Philippine and Chinese Ships Collide in South China Sea

Beijing and Manila have accused each other of responsibility for an incident in which at least one Filipino sailor was seriously injured.

A Chinese Coast Guard vessel and a Philippine navy boat collided in the South China Sea on Monday, with both sides giving conflicting accounts of the event.

The collision occurred when the Philippine naval vessel attempted to deliver supplies to the BRP Sierra Madre, an old tank landing vessel grounded on the Second Thomas Shoal, a small submerged reef near the Spratly Islands. The ship, originally built for the US Navy during WWII, was intentionally grounded in the area in 1999 and has served as an outpost for the Philippine military ever since.

“A Philippine Navy personnel sustained severe injury after the CCG’s [China Coast Guard’s] intentional high-speed ramming during the rotation and resupply mission to the BRP Sierra Madre (LS57) on June 17,” according to a statement by the country’s military. 

The Chinese Coast Guard, however, claimed that the Philippine vessel had “dangerously approached and deliberately collided” with its ship while attempting to resupply the “illegally grounded warship.” Following the collision, the Chinese vessel took “control measures” to check the supply boat and expel it from the area.

“The handling [of the incident] was reasonable, legal, professional and standard,” the Coast Guard stated. 

Washington supported the Philippine account of the collision. The Department of State condemned what it called “escalatory and irresponsible actions” by Beijing. The Chinese vessel prevented “the Philippines from lawfully delivering humanitarian supplies to service members stationed at the BRP Sierra Madre,” it said.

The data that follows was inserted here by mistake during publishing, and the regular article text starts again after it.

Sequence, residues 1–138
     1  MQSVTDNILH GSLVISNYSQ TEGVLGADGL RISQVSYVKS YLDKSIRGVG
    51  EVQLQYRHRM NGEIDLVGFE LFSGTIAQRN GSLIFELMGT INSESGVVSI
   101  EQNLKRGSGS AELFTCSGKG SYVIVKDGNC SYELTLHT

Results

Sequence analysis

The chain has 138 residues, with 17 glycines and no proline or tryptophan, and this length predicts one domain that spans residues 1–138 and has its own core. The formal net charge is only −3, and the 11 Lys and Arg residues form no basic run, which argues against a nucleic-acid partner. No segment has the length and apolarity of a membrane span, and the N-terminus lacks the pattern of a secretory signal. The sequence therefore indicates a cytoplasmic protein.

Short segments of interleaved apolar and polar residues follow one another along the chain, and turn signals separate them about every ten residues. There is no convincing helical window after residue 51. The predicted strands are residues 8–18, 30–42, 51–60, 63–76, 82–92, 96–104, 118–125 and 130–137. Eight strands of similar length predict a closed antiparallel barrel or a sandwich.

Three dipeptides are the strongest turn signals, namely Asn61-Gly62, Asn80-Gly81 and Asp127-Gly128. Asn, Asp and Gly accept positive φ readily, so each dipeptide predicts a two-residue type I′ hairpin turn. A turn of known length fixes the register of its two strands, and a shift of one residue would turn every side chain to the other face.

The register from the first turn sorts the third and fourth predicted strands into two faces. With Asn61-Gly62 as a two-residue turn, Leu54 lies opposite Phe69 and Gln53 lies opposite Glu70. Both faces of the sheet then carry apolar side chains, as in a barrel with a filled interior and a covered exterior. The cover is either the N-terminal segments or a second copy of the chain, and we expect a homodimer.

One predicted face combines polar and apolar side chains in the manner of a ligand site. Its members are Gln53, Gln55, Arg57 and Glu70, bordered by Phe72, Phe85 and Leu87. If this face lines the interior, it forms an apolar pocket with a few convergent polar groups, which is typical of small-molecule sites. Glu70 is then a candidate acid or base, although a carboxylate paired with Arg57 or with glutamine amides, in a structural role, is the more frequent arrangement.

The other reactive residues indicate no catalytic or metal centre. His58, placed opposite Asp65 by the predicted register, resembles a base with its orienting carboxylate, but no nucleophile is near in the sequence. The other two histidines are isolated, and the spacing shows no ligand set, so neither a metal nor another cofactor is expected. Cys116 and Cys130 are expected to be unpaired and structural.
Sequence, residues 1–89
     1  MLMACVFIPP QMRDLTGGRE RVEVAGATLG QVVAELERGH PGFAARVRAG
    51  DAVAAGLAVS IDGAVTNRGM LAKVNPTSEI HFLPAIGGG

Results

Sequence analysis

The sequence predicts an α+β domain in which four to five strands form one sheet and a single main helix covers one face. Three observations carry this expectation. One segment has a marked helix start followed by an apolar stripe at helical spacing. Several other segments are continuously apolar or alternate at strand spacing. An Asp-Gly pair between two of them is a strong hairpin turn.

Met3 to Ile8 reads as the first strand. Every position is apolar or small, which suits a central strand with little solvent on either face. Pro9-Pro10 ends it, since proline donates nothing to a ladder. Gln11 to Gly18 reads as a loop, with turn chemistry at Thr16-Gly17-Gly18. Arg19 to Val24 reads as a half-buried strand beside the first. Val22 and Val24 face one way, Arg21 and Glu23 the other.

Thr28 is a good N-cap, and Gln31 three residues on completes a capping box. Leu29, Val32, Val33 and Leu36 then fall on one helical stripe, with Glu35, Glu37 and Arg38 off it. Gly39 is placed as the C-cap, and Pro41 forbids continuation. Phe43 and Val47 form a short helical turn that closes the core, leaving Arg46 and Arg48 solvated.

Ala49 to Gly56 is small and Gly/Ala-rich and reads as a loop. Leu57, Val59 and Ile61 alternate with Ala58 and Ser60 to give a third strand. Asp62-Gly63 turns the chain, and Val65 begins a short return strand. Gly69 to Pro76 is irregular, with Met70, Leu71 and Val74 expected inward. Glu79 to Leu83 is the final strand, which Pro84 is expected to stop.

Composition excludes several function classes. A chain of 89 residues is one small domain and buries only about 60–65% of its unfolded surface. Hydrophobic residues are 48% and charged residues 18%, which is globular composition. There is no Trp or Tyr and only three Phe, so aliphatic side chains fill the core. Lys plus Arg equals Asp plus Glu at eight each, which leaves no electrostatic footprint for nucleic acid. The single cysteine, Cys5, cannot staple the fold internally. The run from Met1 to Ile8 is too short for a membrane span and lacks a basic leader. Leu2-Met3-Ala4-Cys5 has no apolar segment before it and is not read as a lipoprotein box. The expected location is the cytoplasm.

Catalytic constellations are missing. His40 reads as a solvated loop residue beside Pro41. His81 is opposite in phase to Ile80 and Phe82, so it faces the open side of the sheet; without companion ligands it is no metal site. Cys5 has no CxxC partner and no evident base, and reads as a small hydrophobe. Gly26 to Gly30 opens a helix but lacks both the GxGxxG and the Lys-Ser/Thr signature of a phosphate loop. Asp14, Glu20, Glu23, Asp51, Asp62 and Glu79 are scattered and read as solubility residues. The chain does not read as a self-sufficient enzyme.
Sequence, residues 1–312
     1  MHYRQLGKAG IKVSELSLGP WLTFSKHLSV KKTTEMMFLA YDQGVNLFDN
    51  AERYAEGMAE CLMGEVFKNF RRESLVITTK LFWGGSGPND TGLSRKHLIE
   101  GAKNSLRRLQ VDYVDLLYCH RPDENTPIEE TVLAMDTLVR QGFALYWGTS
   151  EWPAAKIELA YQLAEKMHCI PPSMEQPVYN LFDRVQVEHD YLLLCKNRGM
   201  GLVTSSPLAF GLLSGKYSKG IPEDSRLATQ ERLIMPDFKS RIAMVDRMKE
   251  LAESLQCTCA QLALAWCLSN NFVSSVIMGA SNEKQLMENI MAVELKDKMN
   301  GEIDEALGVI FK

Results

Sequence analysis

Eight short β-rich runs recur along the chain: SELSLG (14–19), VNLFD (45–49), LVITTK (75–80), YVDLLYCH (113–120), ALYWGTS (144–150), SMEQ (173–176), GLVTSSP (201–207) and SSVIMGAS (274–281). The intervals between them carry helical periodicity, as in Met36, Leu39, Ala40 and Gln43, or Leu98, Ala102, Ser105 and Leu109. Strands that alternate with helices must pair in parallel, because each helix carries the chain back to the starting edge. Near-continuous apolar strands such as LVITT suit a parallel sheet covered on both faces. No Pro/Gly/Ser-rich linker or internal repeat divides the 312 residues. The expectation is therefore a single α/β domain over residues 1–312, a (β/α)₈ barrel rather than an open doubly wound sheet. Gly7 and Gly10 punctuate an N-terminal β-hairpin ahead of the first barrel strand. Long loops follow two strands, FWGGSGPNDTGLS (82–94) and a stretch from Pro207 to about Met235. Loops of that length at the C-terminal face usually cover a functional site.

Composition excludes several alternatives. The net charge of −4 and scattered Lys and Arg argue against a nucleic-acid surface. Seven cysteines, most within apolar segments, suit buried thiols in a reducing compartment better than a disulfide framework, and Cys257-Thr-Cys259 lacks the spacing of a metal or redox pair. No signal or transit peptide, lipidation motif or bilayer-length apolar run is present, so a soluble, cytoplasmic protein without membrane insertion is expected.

The Chinese vessels’ “dangerous and deliberate use of water cannons, ramming, blocking maneuvers, and towing damaged Philippine vessels, endangered the lives of Philippine service members, is reckless, and threatens regional peace and stability,” the State Department added.

A similar incident involving Chinese and Philippine vessels occurred in the area in March. The Philippines has increased its activities around the BRP Sierra Madre since late last year, aiming to refurbish the old vessel and improve the living conditions of military personnel stationed at the outpost. 

The South China Sea is the subject of multiple overlapping claims by countries in the region. Besides China and the Philippines, Vietnam, Malaysia, Indonesia, and Brunei, as well as the self-governing Chinese island of Taiwan, claim parts of it. The waterway sees significant amounts of commercial traffic and serves as the key route for the foreign trade of South Asian nations. 

Tensions in the region have been further heightened by the actions of the US and its allies, who regularly conduct so-called “freedom of navigation” missions through the area claimed by Beijing as its exclusive economic zone.